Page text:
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This content is from an educational collaboration between WebMD Editorial and StopMedicineAbuse.org.

6 Tips for Parents of Teens continued...

3. Don’t take it personally.

If you find out your child is lying about drugs, you may see red. You may feel hurt, angry, guilty, and betrayed. All of these emotions are understandable. And none of them will help you help your child.   

“First, recognize that lying is a normal teen behavior,” advises Turner. He goes on to say that normal or not, parents can and should teach their kids that lying is unacceptable. Your conversation with your child could cover the following ground:

  • Explore the reasons your child lied
  • Understand what is going on
  • Let your child know that lying is not OK
  • Talk about how to be honest in the future

4. Get help.

A lot of parents try to keep their child’s drug use within the family, Hedrick tells WebMD. “The idea that addiction reflects badly on the family keeps a lot of kids out of treatment until the problem is too big to ignore.”

Like diabetes or a broken bone, treating drug abuse requires expertise most parents don’t have. If your child is using drugs, you’ll have your hands full, even with a professional involved. Start by talking to your family doctor or pediatrician. The counselor at your child’s school may be able to recommend specialists or treatment centers that can help both you and your child.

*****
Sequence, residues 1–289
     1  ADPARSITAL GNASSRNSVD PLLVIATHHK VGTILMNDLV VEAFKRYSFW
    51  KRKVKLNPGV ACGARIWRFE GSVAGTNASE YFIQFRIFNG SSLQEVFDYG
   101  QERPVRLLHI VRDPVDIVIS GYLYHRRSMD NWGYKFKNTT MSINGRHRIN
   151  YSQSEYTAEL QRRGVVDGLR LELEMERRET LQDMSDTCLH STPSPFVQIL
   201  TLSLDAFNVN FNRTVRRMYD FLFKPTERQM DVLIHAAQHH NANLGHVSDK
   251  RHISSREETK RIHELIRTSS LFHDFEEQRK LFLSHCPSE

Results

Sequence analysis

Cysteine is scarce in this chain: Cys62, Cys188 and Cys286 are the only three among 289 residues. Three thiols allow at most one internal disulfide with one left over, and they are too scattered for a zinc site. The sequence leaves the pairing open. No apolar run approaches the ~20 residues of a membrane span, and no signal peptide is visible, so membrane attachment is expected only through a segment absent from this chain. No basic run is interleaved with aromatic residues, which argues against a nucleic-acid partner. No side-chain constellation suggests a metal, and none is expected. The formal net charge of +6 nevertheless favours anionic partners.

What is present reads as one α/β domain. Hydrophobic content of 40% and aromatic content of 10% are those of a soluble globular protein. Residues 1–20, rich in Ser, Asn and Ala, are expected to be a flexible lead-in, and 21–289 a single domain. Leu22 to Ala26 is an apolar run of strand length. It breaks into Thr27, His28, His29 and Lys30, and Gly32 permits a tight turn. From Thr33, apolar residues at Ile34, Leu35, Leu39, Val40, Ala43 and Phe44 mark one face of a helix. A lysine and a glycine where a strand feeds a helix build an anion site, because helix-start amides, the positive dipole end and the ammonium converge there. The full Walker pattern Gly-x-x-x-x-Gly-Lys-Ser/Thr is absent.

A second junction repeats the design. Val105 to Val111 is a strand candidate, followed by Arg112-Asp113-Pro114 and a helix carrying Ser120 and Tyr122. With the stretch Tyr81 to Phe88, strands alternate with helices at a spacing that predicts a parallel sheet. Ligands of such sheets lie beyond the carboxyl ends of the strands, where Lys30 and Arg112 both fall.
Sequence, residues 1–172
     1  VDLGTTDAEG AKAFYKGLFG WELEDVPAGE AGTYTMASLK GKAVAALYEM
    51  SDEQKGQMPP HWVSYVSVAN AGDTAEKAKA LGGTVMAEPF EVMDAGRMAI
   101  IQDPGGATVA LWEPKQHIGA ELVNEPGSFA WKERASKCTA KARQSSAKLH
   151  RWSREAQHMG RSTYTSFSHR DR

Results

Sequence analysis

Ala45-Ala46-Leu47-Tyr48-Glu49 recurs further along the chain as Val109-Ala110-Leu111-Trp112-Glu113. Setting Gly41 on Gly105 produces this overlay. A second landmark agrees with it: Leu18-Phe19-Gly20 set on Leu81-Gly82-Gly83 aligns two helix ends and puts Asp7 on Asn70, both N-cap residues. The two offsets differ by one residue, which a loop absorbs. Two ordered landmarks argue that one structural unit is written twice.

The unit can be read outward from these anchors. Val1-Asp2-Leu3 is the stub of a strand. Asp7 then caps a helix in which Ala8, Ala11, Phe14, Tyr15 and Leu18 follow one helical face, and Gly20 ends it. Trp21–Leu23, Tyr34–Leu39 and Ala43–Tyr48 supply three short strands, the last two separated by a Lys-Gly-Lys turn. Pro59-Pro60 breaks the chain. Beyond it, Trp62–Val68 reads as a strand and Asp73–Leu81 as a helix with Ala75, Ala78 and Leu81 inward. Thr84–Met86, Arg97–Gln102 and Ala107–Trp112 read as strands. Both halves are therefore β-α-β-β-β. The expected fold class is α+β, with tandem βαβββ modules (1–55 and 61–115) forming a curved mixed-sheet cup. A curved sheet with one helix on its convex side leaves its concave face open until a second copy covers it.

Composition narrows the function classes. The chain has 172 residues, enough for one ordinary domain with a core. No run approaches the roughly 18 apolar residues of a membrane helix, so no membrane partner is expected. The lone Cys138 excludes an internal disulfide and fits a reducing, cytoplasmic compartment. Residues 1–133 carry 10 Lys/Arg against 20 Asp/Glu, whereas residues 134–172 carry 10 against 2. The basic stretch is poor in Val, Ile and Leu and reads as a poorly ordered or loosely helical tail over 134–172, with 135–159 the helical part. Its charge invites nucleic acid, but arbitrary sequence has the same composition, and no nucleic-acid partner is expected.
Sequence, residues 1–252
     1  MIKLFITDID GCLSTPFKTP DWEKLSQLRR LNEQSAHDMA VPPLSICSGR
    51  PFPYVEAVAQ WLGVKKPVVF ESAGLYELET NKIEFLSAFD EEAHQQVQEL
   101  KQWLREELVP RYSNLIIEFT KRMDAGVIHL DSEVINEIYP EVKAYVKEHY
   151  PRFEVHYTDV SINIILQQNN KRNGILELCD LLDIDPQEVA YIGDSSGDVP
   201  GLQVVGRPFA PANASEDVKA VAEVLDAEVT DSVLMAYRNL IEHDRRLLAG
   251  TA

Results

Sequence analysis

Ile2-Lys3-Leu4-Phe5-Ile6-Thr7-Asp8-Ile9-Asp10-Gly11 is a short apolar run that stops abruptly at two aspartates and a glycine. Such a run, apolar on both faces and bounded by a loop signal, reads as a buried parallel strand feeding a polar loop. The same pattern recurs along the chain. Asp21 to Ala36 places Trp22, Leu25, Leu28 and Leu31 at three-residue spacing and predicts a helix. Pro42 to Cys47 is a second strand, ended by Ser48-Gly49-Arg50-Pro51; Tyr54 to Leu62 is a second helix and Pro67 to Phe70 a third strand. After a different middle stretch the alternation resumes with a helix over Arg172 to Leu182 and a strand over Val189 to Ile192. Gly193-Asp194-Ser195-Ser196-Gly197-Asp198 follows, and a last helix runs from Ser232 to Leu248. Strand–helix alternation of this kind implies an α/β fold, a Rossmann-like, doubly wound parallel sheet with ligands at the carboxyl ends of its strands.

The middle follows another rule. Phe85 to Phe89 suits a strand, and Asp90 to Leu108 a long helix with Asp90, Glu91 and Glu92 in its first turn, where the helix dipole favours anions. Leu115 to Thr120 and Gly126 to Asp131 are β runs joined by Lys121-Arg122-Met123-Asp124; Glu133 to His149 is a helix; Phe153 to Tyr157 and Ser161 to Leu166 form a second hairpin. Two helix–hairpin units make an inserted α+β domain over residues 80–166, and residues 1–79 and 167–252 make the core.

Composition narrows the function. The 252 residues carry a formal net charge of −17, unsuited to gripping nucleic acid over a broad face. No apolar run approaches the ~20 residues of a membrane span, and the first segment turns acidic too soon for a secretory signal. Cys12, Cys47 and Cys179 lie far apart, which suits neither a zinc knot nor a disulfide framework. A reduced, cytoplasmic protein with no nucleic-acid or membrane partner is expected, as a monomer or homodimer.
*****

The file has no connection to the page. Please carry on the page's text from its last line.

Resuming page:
5. Leave room to rebuild trust.

When parents don’t trust their kids, problems like drug abuse can snowball. Strained parent-child relations typically cast a negative tone on any and all interactions. Families tend do fewer things together, leaving kids fewer opportunities to feel connected to their parents. “Parents need to build a safe space for the child, while also defining boundaries and limits,” says Turner.

Try not to let the lies you’ve been told overshadow every conversation you have with your child. “So many kids in our groups say, ‘I never get a chance to talk. My parents cut me off all the time,’” says Hedrick. Open, two-way conversations can reinforce your child’s awareness of your family values and make the idea of drugs less appealing.

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